For $1M, Google wants you to build a solar inverter that’s ‘the size of a small laptop’
- Google’s Little Box challenge, first announced in May, is now open to applications from anyone who thinks they can design and build a very small solar inverter. Google is offering $1 million in prize money.
- Google wants to “shrink [the inverter] to the size of a small laptop, roughly 1/10th its current size” and have it operate at 95% efficiency (or more), amongst other stipulations.
- Google hope that the new inverters can be used to “create low-cost microgrids,” better connect more renewables, distributed energy and electric vehicles to the grid, and meet other, as yet unknown, needs of the evolving grid.
Google is entering the grid hardware and software market with a bang. Google’s “Bottom Up Grid” project aims to create “advanced electrical power conversion and conditioning solutions that aim to fundamentally change the world of power.”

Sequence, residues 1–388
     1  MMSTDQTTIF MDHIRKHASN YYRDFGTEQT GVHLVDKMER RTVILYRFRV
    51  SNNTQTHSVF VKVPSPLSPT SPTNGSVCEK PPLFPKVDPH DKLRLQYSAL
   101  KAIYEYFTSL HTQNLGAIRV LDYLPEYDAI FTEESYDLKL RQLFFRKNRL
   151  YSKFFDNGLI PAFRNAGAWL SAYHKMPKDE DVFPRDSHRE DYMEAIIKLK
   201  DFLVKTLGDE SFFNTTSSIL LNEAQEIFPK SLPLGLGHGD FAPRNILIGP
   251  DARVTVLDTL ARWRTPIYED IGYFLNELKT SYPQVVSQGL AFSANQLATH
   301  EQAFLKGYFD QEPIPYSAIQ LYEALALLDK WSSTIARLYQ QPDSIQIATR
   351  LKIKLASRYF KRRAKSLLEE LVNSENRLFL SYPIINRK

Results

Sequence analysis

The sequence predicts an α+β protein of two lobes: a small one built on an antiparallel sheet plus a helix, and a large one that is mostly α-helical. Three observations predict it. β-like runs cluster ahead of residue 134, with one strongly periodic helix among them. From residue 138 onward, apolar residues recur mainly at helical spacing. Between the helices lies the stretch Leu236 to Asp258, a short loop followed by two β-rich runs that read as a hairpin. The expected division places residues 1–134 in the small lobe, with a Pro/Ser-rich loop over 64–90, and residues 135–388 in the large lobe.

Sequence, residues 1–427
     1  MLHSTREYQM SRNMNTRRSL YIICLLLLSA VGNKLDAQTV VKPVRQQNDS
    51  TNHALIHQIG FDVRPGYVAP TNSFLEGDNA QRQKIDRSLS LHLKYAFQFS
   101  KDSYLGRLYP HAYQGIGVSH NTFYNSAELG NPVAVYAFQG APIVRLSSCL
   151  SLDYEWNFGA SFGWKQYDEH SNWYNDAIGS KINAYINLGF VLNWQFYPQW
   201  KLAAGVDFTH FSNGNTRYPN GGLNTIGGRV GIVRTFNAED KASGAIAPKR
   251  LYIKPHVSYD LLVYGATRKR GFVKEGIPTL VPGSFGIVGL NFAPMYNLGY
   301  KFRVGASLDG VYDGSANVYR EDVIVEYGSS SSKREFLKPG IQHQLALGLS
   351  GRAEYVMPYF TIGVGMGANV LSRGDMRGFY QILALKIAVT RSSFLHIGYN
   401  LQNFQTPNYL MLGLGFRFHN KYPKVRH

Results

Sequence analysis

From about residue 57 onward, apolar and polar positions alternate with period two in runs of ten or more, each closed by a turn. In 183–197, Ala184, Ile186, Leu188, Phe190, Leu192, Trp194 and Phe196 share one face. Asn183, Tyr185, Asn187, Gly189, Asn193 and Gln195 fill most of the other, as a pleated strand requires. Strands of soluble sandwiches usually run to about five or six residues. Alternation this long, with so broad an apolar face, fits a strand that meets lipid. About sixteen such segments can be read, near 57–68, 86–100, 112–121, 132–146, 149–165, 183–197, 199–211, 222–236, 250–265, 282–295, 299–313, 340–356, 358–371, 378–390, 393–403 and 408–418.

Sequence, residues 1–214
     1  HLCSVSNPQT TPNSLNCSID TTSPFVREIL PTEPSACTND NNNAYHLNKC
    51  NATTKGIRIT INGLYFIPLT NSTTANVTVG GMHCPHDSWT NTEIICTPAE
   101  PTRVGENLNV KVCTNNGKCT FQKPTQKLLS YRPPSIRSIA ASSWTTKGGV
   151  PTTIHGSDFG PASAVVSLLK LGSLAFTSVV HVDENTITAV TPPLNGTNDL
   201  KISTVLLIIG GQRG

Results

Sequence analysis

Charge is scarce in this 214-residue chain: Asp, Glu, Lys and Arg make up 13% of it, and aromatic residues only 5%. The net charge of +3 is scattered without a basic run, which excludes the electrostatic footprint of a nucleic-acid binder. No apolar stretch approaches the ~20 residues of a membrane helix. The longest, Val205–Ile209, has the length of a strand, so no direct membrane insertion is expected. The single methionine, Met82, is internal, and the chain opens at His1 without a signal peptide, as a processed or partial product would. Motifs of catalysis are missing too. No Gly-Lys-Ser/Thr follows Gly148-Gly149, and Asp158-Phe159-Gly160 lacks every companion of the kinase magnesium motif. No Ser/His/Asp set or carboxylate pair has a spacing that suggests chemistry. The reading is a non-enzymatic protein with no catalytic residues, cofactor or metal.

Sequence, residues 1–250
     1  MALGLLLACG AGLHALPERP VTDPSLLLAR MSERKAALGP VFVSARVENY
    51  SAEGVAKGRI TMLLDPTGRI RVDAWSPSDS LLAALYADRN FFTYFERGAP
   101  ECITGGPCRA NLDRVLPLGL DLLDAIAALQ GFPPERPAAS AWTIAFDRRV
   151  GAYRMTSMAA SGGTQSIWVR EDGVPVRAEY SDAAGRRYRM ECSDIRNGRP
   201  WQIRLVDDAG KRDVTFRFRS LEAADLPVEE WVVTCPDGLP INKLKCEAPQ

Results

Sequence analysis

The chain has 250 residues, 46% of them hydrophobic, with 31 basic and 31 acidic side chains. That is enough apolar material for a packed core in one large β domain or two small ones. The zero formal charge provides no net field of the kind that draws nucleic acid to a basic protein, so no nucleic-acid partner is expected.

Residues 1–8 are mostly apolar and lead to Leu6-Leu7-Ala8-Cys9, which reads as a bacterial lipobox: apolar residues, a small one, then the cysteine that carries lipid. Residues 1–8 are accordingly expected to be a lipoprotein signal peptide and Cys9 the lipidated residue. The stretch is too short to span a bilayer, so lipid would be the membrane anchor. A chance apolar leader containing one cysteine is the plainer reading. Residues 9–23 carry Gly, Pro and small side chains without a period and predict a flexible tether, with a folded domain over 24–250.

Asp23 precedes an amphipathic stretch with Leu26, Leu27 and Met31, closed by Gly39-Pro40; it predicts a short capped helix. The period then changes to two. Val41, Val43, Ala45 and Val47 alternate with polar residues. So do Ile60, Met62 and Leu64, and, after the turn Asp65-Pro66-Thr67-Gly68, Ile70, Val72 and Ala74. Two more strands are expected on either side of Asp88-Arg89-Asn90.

Inverters are used to connect distributed energy resources like solar panels, electric vehicles, and batteries to the grid by converting DC generation to useable AC electricity — but they are currently the size of a large hamper. A smaller and smarter inverter would significantly accelerate any move to a more distributed energy future.
GreenTech Media: Google’s $1M Challenge: A Laptop-Sized Solar Inverter
Google: Little Box Challenge opens for submissions
Google: Detailed Inverter Specifications, Testing Procedure, and Technical Approach and Testing Application Requirements for the Little Box Challenge